Lost in London

A look at London and life in general through the eyes of someone who sometimes can't bear to watch.

Tuesday, July 29, 2008

Attitude problem

I have never really been interested in reading the gay press. I don’t know if this means I am a traitor or trying to deny my sexuality or whatever but the truth of it is that I find all of it, without exception, maddeningly dull.

Whether it’s the po-faced reporting of the Pink Paper or the scary zoom lens-obsessed freebies you find in Soho, I’ve carefully avoided as much of this reading material as I can.

One magazine I have been unable to evade is Attitude. My other half occasionally buys it and so it finds its way into our living room. When it does, I usually pick it up and give it a cursory glance. The formula remains the same across most of the issues I’ve seen: smatterings of consumer porn; reviews; fashion shoots with underweight men in their late teens wearing clothes only Elton and David could afford; interviews with supposed gay icons along with the most icky part of all- an interview with a straight, attractive male celebrity.

Now, why the ick, you may ask? Am I so shallow as to assume that the gay readership of this magazine wouldn’t be interested in a straight celebrity? Well, of course not. The problem lies in the content of the interview. The interview will usually be accompanied by a ‘shirtless’ photospread, always really badly shot and photoshopped and showing the subject in a variety of poses that someone who had never had sex with anyone other than themselves may find alluring. Said photos will then be adorned with pull quotes which highlight anything remotely homosexual the straight celeb may have hinted on during the interview. The copy itself will be shallow and badly composed, with over half of it asking questions desperate to tease out the tiniest smidgen of homosexuality, and most of the rest of it concerned with how the star feels about getting his kit off and casting aspersions on his sexual prowess.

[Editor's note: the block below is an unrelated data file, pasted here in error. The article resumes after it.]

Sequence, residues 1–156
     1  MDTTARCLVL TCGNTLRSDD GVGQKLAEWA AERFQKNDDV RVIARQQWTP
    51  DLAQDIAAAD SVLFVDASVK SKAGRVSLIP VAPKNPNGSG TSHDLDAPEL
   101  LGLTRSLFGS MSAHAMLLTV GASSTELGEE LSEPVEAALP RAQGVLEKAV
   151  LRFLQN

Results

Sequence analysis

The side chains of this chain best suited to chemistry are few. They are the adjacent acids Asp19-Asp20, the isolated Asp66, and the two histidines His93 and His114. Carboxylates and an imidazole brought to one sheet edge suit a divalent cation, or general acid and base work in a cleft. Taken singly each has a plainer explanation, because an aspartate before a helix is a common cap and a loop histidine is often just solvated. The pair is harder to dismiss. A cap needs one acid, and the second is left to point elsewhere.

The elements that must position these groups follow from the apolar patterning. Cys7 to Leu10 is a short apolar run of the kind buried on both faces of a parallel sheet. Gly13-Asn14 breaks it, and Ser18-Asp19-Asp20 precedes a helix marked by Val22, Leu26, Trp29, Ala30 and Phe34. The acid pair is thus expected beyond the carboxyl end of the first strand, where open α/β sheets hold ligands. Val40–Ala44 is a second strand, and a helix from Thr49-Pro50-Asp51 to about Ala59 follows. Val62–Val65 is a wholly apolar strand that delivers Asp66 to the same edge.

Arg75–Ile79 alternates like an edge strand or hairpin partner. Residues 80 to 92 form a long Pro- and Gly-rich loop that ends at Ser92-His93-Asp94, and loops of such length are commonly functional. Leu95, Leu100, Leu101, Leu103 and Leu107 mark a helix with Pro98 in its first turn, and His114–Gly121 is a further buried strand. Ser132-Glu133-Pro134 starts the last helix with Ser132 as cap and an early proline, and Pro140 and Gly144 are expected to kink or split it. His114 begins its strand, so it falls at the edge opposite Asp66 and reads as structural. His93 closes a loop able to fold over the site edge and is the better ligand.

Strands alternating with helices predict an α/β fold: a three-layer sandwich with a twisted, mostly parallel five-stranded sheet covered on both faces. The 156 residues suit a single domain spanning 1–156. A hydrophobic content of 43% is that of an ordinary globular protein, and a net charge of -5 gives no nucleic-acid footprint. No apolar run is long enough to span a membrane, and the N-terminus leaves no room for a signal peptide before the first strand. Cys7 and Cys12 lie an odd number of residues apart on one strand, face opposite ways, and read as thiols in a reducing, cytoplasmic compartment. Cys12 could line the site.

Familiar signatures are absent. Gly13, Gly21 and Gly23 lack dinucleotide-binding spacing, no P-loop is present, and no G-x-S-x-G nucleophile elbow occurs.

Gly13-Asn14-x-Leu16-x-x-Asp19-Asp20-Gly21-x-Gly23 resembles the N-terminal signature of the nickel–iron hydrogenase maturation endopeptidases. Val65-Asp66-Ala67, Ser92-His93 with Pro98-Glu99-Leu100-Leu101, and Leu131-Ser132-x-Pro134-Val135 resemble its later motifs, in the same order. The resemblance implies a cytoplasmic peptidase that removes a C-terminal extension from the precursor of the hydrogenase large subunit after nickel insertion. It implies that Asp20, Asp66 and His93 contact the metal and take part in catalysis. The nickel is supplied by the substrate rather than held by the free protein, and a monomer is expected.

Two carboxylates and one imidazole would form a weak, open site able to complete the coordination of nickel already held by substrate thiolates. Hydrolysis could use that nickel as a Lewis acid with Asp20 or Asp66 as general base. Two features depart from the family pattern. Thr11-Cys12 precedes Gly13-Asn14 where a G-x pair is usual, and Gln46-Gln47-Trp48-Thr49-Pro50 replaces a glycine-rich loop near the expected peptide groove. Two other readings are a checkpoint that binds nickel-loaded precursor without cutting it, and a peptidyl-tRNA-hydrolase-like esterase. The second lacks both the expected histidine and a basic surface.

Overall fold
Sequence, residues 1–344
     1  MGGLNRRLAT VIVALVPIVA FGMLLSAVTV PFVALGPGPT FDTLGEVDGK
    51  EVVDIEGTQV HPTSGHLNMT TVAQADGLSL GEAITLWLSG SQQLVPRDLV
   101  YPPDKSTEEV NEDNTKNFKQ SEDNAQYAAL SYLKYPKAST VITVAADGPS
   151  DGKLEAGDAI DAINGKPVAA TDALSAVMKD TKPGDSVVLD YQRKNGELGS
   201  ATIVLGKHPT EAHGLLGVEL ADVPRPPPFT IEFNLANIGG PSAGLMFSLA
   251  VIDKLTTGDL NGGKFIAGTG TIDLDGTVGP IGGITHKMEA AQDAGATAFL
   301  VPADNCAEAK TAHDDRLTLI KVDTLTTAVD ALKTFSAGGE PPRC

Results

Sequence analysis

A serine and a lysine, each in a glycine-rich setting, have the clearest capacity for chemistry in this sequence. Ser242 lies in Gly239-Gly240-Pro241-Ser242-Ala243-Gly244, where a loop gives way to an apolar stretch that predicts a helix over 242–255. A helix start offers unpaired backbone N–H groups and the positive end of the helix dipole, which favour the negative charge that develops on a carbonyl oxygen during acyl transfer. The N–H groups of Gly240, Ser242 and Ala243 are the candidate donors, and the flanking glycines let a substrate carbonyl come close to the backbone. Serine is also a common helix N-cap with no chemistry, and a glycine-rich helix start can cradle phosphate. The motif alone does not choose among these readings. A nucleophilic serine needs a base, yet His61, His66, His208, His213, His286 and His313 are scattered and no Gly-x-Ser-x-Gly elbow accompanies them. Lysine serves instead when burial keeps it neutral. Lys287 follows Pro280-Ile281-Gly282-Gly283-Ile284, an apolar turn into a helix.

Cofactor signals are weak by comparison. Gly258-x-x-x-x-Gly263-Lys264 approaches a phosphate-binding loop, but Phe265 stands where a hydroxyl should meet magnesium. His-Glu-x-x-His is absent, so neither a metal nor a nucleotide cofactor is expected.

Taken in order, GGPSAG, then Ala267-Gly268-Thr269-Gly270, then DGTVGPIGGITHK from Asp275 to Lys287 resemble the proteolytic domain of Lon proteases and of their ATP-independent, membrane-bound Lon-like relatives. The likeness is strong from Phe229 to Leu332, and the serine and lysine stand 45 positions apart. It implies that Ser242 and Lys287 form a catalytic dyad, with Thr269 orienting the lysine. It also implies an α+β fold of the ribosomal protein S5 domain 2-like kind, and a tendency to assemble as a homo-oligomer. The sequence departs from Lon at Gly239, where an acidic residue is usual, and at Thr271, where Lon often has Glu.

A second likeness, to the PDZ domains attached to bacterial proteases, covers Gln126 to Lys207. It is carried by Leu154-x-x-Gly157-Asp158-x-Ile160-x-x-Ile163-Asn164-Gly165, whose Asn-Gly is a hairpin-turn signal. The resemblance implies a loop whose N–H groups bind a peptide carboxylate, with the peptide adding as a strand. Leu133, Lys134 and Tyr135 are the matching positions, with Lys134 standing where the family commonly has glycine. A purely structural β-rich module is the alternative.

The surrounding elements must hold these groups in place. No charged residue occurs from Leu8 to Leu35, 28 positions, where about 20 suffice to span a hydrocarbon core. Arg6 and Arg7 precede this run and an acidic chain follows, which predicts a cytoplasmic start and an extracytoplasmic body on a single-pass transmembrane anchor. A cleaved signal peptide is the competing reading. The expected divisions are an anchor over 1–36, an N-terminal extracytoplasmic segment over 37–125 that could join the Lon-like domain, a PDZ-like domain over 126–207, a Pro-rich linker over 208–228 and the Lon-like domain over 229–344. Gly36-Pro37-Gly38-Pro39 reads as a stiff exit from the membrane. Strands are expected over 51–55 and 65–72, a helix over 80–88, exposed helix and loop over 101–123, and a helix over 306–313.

This month’s celeb- an airbrushed Steve Jones- is photographed as if he were a juicy steak in a butcher’s window; one image shows a close-up of his chest and nothing else. The questions he is asked are adolescent and, frankly, boring, and the ‘revelation’ that he kissed another male friend when pissed and for a bet (clearly included to help on their way any reader who struggled to orgasm over the chest shot) seems forced and was probably proffered so that Jones could end the interview sooner. After all that, tagged onto the end of the interview is a question about growing up in Wales, which is notable only for the fact it is completely out-of-step with the rest of the piece.

Attitude, and other magazines like it, have done a lot of good work in raising awareness and promoting acceptability of homosexuality, as well as encouraging unsure young teens to take that terrifying step out in the wider gay world, but drivel like this overshadows any merit and that’s a shame. Is this the kind of press that is supposed to inform and inspire me?

Wednesday, July 09, 2008

I'm a slave for you